Historians, amateur and professional, came to the rescue of community groups in Newcastle recently.
The State Rail Authority engaged in the cost-cutting move of its shunting and repair facilities from Newcastle City to the more westerly Broadmeadows yards decided to sell off the unneeded- land by public auction. On the harbour front and within easy walking distance of an array of beaches, as well as what central business district Newcastle has, the land was expected to raise millions of dollars from developers already seeing ‘international class’ hotels/casinos/ entertainments arising in an area that has seen numerous battles between greed and need.
Unfortunately for the glitz and shock-horror merchants, the issue proved to be perfect for the production of a solid coalition of residents, conservationists, heritage-conscious people from all over and labor militants including the Secretary of the Trades Hall, Peter Barrack. Public meetings proliferated and agitated pleas were directed to the Premier urging that the auction be postponed if not abandoned altogether.
Once the array of opinion against the sell-off became apparent, it was not surprising Acting Premier Mulock deferred the auction to allow full appraisal of the heritage value of the area. It was, however, the intervention by the historians which tipped the balance.
Some 18 months ago Professor John Turner of Newcastle University had noticed brickwork marked with characteristic convict arrows embedded in the ground and asked, through the NSW Heritage Council, that the SRA give permission for a proper ‘dig’ . Just a week before the intended auction and some weeks after the auction-date was known, permission was granted. Some two hundred volunteers and a few better-informed guides during the last possible weekend scraped topsoil from one small part, yet exposed enough to prove this was the earliest known European industrial site in Australia and a totally unique opportunity for learning and emotional re-attachment to white beginnings.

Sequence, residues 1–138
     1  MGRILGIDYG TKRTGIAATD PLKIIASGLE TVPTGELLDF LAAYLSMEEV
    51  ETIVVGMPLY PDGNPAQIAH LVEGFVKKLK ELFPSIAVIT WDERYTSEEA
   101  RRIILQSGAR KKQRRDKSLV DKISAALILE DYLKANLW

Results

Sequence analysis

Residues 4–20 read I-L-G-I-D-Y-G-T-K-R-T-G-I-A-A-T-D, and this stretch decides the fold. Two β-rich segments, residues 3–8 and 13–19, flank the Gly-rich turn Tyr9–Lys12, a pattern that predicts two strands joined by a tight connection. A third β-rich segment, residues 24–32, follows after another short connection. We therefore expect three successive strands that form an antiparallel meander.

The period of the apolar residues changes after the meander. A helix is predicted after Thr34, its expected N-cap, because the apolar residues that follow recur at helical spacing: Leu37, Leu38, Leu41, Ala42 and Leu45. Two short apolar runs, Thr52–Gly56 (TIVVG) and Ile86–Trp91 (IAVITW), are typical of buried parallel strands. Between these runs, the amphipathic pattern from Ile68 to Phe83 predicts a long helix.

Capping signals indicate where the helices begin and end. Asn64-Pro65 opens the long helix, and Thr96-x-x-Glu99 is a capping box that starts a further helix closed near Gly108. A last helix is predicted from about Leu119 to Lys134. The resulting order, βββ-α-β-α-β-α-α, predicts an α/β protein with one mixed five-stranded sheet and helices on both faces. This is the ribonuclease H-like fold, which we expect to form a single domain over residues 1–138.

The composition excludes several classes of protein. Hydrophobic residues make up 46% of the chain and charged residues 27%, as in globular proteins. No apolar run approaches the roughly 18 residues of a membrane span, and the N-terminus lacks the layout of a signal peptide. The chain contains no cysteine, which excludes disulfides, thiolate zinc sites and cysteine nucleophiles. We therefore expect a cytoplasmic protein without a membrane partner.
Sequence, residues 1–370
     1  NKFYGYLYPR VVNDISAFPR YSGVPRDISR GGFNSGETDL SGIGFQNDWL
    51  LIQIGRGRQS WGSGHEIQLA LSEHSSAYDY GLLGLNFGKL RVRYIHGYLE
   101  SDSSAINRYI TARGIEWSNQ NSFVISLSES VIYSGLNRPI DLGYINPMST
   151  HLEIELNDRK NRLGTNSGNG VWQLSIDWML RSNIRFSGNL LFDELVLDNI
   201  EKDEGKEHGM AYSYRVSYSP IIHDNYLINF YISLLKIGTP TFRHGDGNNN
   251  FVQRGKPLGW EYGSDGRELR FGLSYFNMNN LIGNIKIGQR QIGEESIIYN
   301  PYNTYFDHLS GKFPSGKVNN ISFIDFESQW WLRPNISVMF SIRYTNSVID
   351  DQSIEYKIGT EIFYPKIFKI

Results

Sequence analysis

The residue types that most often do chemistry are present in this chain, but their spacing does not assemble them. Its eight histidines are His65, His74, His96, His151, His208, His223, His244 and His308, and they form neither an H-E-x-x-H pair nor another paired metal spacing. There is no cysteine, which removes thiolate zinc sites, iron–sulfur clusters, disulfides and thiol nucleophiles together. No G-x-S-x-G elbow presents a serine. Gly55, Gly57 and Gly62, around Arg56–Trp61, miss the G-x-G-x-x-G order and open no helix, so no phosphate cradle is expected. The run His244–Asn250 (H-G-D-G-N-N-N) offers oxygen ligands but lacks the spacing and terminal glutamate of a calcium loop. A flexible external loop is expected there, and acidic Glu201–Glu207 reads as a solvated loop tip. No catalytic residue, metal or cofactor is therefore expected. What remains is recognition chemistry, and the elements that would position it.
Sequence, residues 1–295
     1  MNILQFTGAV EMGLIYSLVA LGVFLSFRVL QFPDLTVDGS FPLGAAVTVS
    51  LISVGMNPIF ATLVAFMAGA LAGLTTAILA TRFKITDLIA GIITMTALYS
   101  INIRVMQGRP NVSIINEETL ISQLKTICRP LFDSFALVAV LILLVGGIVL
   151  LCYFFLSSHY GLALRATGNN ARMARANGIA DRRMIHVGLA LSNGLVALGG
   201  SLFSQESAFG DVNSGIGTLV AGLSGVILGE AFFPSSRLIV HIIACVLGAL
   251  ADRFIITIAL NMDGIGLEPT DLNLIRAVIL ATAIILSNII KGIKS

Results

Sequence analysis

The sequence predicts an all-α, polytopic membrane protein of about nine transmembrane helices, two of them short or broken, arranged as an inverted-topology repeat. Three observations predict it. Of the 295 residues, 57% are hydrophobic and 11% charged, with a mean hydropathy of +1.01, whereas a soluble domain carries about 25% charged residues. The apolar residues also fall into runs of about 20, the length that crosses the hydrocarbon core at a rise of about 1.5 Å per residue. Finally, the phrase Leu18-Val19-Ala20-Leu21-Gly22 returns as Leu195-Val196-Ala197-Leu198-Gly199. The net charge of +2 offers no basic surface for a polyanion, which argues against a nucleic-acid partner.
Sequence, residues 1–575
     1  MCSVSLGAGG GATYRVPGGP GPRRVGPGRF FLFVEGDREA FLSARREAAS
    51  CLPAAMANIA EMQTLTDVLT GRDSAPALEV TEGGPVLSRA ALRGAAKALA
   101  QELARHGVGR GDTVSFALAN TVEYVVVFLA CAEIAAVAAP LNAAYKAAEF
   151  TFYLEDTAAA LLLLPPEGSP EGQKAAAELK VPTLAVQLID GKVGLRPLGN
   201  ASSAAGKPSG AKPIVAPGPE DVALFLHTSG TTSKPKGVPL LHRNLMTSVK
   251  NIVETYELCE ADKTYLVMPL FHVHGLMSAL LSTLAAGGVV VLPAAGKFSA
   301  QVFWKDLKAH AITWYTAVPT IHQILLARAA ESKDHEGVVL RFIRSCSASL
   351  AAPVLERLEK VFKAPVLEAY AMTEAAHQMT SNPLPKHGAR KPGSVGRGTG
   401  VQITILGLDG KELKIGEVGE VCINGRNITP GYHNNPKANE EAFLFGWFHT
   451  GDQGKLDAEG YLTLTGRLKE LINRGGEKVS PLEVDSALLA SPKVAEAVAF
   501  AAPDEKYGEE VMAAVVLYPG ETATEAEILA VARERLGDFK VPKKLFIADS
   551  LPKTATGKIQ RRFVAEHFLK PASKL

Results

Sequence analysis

Dr Turner has suggested that from about 1805 the site ’employed’ the skills of hundreds of second offence skilled workers, eg blacksmiths, and that lime for the mortar in such Sydney buildings as the Macquarie Barracks, St. James’ Church, was probably processed there.
The added facts that the area is probably of significance in Aboriginal history, is close to the location of the first European landing in Newcastle, to historic Fort Scratchley and other preserved buildings, and that the SRA has never paid anything for the rental or use of the land in over a hundred years, are further compelling reasons why the whole site should be secured by the State Government in the overall foreshore development as an open-air museum.
Sydney-siders with an interest in the past need, I believe, to be more active in their concern for attempts by non-Sydney people to preserve, catalogue and learn from such areas as this. The struggle Novocastrians have had to see their Regional Museum safely established is a sickening reminder of how biased towards Sydney the State’s allocation of funds is and has been.
This particular instance is one that Sydney can’t hope to duplicate, yet it is of direct importance to significant elements of early-19th century Sydney. We should all keep it in mind.